Long Range Planning, Vol. 26, No. 4, pp. 90 to 101, 1993 Printed in Great Britain
0024-6301/93 $6.00 + .OO 1993 Pergamon Press Ltd
Time-Based Strategies and Practice
Gary E. Spanner, Josh Pablo Nun”0 and Charu Chandva
As firms compete in a global environment, the need for integrating functions in organizations is being felt more than ever. Firms are realizing that to sustain long-term competitive advantages, business strategies have to be linked to functional strategies. ‘Time’ provides this.missing link. Recent research supports the use of time-based competition strategy in defining corporate objectives, outlining strategic programmes and measuring productivity and performance in ‘time’ units rather than money. A time-based model of strategies is described. Time is used in conjunction with other strategies to offer a strategic mix which best suits various market segments of a companys product portfolio. In this way, companies may create a prolonged record of success and be highly focused to market needs.
examples of time-based strategies which lead to our framework. Finally, the implications of this research for competitive strategies are noted.
Many authors and practitioners recognize that firms utilize various degrees of differentiation and scope in order to position their products in various market segments.* These characteristics represented as dimensions of a matrix combine to identify strategies which are generally available to firms for competing in various market niches. Di$erentiation typically has a continuum of low cost to high differentiation. Firms often position products based on this scale in an effort to gain competitive advantages best suited to their product life cycles and production technologies. Scope is shown as a range of (narrow to broad) target markets. Firms use this dimension to identify a market base and distribution channels.
The competitive strategies of firms have long been based on the concept that there are various ways to compete and, therefore, a company must have mechanisms to integrate its business strategy across both its functional areas and the market environments. However, management practices have often been inconsistent with these assumptions. Despite the underlying logic of a stronger link between generic business unit strategies and the underlying functional-level ones, the actual evolution of functionally integrated systems has remained a slow process driven by operational necessity and technical opportunity.’ This is primarily due to lack of awareness of techniques available for developing and implementing generic strategies in tandem with functional strategies. This paper integrates the basic tenets of generic strategies with a common attribute of functional strategies-‘time’. A two-dimensional view of generic strategies is presented, then a description of the problems of linking business unit strategies to functional strategies is outlined. We then present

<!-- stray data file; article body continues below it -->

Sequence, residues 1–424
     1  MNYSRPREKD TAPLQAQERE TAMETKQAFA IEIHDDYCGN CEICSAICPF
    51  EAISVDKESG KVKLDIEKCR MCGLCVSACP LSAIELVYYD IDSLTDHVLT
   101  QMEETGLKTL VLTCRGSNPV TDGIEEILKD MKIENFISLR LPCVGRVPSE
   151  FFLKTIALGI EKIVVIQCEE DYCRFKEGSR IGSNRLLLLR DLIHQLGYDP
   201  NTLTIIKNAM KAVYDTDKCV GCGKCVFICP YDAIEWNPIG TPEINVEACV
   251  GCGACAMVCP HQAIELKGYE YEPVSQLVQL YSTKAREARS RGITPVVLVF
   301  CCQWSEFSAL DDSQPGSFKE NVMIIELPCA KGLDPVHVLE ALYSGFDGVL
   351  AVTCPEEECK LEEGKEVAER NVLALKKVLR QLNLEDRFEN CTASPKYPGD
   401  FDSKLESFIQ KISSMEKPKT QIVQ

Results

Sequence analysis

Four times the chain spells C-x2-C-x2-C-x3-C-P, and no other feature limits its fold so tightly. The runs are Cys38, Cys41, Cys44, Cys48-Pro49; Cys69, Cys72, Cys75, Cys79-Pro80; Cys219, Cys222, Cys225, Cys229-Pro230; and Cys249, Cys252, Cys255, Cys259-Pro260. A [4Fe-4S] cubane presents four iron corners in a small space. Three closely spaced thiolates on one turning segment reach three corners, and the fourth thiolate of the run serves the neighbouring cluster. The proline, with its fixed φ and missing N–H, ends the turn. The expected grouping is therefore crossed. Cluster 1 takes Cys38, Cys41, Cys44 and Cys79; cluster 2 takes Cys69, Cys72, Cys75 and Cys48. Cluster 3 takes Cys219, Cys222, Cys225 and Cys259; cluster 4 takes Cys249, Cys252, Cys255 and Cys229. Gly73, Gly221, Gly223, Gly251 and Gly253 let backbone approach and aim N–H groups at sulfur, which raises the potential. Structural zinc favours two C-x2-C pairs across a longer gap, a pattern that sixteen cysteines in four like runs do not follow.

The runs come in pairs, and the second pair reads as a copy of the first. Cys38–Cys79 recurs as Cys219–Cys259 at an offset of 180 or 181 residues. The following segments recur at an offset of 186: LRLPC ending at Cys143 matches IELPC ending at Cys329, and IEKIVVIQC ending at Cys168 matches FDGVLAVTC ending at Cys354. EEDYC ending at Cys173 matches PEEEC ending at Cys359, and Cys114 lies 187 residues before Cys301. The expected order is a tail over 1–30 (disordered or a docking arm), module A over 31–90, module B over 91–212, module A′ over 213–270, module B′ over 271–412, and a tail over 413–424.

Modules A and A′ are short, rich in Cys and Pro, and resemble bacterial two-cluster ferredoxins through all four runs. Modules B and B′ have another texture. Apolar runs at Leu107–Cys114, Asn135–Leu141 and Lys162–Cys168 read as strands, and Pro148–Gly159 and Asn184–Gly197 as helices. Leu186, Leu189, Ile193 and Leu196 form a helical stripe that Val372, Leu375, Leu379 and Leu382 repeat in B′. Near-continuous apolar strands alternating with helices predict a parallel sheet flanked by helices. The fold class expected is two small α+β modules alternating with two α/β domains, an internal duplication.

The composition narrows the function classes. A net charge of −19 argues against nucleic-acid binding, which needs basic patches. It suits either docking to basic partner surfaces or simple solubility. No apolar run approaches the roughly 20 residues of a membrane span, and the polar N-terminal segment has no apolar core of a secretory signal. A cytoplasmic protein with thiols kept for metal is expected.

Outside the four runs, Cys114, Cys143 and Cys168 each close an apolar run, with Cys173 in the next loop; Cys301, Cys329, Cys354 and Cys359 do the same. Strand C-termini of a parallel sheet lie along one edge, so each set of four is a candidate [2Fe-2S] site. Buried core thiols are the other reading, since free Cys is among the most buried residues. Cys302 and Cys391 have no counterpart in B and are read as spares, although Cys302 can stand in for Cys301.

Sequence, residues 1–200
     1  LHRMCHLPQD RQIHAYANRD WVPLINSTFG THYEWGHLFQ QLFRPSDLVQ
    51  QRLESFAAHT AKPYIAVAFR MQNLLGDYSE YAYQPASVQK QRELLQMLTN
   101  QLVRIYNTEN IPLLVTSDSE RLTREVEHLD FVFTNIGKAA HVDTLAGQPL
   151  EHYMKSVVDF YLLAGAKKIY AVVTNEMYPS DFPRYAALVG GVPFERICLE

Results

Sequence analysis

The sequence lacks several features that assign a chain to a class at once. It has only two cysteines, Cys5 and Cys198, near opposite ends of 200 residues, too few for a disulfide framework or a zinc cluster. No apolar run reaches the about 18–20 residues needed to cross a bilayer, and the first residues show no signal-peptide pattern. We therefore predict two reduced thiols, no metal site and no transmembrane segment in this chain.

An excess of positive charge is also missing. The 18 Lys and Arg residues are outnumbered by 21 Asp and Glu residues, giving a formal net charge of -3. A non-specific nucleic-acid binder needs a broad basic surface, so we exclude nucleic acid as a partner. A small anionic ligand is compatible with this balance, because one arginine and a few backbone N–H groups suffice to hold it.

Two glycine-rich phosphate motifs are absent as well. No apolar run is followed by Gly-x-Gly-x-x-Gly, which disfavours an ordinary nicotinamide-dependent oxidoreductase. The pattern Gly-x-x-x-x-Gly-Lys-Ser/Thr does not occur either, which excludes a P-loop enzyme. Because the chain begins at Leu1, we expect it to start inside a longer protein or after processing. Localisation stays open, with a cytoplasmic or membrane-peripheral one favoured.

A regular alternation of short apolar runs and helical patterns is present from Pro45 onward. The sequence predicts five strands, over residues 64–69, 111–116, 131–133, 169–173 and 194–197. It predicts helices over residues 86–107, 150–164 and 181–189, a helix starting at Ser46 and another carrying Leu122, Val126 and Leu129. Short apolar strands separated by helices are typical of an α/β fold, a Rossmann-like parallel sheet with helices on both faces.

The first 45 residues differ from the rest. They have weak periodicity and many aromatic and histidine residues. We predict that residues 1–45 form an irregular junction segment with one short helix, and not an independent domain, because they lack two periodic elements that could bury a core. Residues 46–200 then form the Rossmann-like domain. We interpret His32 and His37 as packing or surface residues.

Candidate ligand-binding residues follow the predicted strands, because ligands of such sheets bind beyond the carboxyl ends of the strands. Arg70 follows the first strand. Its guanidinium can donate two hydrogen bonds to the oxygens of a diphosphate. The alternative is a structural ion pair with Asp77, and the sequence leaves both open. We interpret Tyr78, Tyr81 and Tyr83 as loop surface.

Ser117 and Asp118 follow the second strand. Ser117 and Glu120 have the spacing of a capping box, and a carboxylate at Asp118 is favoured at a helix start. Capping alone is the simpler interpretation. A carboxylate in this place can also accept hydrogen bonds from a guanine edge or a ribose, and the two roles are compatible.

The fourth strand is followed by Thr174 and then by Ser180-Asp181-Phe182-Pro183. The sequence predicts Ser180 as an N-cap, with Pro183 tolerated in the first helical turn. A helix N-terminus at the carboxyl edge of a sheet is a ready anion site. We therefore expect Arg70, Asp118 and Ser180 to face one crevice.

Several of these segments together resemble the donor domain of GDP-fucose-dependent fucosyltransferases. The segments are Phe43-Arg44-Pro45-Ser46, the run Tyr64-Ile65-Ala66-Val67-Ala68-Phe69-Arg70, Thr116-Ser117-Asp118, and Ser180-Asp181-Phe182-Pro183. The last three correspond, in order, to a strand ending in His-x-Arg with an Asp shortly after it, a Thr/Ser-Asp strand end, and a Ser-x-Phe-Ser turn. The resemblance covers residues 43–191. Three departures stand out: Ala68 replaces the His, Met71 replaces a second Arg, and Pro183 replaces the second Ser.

Gary E. Spanner is a Senior Research Engineer at Battelle’s Pacific Northwest Laboratories in Richland, Washington. Jose Pablo Nuiio is an Assistant Professor and Charu Chandra a Graduate Research Assistant at Industrial and Management Systems Engineering, Arizona State University.
These two characteristics combine to offer a unique perspective on the competitive strategies proposed by Porter. The interplay of these characteristics is shown in Figure 1. The ideal position for a highly competitive firm is to be on the diagonal. Market forces, however, continually exert pressure to prevent firms from attaining this state. As a compromise, firms strive to be as close to the diagonal as is possible, to stay competitive. To achieve the block-diagonal-form shown in Figure 1, fu-ms identify clusters of products and their associated processes, suited for a combination of market scope and differentiation. Forming a cluster requires matching products with similar...
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